John Harbaugh is one of the great coaches of this or any era. He’ll have a bust in Canton; he already has earned it. And his 2012 Super Bowl win could be joined in time by more, whether with the Ravens or (if the Ravens are ever dumb enough to let him get away) another team.
That doesn’t put him above criticism or scrutiny, however. And it’s fair to criticize the decision to put his own players (and Denver’s players) at needless risk on the last snap of Sunday’s game against the Broncos, all in the name of extending a meaningless record about which few were even aware before Sunday’s antics.
The Ravens now have 43 straight games with 100 or more team rushing yards. That matches the 1974-77 Steelers, who did it in an era that was far more conducive to running than passing. And to that we (and surely many others) say, “Whoop-dee-freaking-doo.”
It’s right up their with the franchise’s all-time preseason winning streak. Who cares? Harbaugh does, for some reason.
Of course, the reason that he cares is one of the reasons why he’s great. He’s ultra-competitive. And the drive to rack up things that matter (like winning games that matter) can compel a person to pursue stuff that doesn’t matter. Like an obscure record about which no one — other than Harbaugh — gives a crap.
Watch the video of the reaction by the Denver sideline. Listen to the bleeps. Broncos coach Vic Fangio was pissed. And rightfully so. The game was over. Take a knee. Walk away. Avoid needless contact. Needless contact leads to avoidable injuries.
It’s somewhat similar to the much-criticized tendency of former Buccaneers coach Greg Schiano to aggressively attack victory formation. In those situations, however, there was a strategy rooted in actually trying to win the game. If Schiano’s team had forced a fumble by plowing hard into the line/quarterback, they could have won the game. On Sunday, the Ravens already had won the game.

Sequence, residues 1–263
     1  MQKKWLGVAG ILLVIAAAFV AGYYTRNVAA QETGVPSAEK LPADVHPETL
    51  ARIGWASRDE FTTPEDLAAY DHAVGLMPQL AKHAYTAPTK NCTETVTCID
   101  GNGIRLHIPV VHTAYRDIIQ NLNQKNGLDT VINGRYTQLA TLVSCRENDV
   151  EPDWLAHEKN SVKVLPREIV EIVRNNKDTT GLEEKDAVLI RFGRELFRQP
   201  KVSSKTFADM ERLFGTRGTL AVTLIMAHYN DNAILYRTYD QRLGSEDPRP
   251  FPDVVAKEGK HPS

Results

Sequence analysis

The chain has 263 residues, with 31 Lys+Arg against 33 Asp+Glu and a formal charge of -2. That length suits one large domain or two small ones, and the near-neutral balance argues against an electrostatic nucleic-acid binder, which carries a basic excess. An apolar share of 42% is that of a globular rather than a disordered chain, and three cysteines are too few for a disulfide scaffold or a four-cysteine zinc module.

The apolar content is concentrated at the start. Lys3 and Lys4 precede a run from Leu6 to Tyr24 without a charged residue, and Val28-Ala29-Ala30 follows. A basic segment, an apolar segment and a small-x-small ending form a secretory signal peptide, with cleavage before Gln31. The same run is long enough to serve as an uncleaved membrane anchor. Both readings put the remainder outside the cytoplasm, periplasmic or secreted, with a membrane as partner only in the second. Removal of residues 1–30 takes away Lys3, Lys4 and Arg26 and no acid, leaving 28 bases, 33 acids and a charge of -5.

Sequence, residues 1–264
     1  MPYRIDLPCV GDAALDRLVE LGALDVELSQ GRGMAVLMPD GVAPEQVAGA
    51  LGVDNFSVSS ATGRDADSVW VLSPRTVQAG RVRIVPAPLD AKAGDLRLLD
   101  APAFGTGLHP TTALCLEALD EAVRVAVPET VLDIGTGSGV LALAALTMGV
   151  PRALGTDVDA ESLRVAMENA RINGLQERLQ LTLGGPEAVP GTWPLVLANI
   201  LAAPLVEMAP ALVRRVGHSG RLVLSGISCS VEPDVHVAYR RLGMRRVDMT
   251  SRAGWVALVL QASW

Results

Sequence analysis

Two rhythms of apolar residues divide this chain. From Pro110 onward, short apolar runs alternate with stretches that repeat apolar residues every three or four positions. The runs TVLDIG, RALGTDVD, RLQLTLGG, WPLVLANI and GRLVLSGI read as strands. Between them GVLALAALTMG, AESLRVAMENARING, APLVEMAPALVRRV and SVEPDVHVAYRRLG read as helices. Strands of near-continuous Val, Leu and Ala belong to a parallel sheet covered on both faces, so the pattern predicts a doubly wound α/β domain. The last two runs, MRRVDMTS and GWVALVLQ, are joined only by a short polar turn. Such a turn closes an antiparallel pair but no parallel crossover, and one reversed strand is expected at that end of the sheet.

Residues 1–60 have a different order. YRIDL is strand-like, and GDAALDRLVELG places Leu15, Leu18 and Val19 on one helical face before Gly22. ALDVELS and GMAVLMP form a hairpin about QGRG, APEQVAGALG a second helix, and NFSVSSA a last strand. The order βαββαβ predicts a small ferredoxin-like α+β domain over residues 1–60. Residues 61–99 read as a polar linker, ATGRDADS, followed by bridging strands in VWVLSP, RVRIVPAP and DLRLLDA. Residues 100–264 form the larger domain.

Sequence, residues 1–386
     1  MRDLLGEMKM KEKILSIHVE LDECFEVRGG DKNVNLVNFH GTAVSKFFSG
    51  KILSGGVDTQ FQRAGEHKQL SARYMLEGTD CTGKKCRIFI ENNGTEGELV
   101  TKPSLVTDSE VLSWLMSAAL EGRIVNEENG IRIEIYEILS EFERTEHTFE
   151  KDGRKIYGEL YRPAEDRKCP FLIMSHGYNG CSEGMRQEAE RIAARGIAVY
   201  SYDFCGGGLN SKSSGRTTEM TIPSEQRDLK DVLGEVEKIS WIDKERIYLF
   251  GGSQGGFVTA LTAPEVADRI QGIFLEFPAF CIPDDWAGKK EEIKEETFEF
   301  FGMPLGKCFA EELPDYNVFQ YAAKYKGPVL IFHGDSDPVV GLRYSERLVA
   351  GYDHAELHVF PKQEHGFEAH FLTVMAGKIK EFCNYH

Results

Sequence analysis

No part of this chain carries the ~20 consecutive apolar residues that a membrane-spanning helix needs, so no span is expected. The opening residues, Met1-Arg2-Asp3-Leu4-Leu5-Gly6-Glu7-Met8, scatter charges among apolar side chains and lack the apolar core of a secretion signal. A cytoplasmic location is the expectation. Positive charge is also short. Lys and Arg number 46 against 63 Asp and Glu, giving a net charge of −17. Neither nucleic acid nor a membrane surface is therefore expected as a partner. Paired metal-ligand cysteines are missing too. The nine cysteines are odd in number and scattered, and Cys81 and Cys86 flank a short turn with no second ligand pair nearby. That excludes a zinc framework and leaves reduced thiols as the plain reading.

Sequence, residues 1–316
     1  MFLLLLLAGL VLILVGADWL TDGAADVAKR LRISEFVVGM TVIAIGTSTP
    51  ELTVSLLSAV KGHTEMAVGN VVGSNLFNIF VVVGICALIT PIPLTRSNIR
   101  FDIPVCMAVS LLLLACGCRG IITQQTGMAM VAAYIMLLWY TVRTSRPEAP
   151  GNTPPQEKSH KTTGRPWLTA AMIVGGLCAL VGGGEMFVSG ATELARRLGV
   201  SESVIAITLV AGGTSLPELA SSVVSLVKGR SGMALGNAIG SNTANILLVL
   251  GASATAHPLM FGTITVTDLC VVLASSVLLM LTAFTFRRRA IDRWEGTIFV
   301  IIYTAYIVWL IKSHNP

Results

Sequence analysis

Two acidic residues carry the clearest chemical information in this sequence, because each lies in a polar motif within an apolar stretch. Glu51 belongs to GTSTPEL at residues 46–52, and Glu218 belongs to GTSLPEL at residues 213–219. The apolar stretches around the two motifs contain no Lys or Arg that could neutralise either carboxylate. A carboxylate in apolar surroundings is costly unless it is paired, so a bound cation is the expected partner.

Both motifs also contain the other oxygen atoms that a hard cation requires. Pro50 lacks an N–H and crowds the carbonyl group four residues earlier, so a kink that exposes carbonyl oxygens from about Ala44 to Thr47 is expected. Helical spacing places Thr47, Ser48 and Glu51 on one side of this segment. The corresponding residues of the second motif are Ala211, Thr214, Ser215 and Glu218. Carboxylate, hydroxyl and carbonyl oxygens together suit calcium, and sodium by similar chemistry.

Indeed, as noted by Jamison Hensley of ESPN.com, the Ravens became one of the rare NFL franchises to actually gain yardage while leading by 10 or more points and snapping the ball in the final five seconds of a game. Via Hensley, the Elias Sports Bureau found a play in 1992, when Oilers tailback Spencer Tillman gained one yard with two seconds left in a game that Houston led, 27-0, over the Chargers. Otherwise, this kind of thing doesn’t happen. And for good reason, especially in an age of unprecedented sensitivity to health and safety.
Harbaugh nevertheless defended the decision to not take a knee for the one play that followed an interception of Broncos quarterback Drew Lock in the end zone, with Baltimore leading, 23-7.
“It’s one of those things that’s meaningful,” Harbaugh said. “It’s a very, very tough record to accomplish. It’s a long-term record. So, I’m not going to say it’s more important than winning the game, for sure. It’s certainly not. But, as a head coach, I think you do that for your players and you do that for your coaches, and that’s something they’ll have for the rest of their lives.”
But what do they have? A trophy? A ring? Anything tangible? When they’re in their rocking chairs, will they mutter to whoever is listening that they matched the 1974-77 Steelers with 43 straight games of 100 or more rushing yards? If they do, will anyone do anything other than roll their eyes and say, “He has his good days, and his bad days”?
No one cares. No one except Harbaugh. Hell, Lamar Jackson — who gained the yardage that put the Ravens over 100 for the game and in so doing exposed himself to unnecessary injury risk while still not having his well-deserved second contract — doesn’t care.
“I’m not going to lie,” Jackson said after the game. “I ain’t really care about the record. I wasn’t thinking about that. I was thinking about winning the game.”
The game was already won. Future games were put in incremental jeopardy by having Jackson run the ball one last time. All because the ultra-competitive Harbaugh wanted to add another meaningless plaque to the wall, right next to the one that commemorates the all-time record winning streak in meaningless games.
Again, that competitive nature is what makes him great. He’d be even a little bit greater if he realized when to turn it off.